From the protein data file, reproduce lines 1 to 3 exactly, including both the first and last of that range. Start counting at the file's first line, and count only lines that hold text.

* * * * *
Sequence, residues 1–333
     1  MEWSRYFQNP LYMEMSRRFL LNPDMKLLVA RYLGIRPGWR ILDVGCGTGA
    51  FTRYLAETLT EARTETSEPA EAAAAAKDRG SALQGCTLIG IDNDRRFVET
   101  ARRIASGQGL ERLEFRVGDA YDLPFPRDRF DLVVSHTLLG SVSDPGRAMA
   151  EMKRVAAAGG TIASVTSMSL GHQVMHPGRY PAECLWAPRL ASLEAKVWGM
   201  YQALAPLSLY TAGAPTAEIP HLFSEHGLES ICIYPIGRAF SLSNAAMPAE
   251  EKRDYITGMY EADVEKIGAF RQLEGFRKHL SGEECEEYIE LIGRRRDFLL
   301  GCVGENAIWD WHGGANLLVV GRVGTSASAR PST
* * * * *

Sequence, residues 1–333
     1  MEWSRYFQNP LYMEMSRRFL LNPDMKLLVA RYLGIRPGWR ILDVGCGTGA
    51  FTRYLAETLT EARTETSEPA EAAAAAKDRG SALQGCTLIG IDNDRRFVET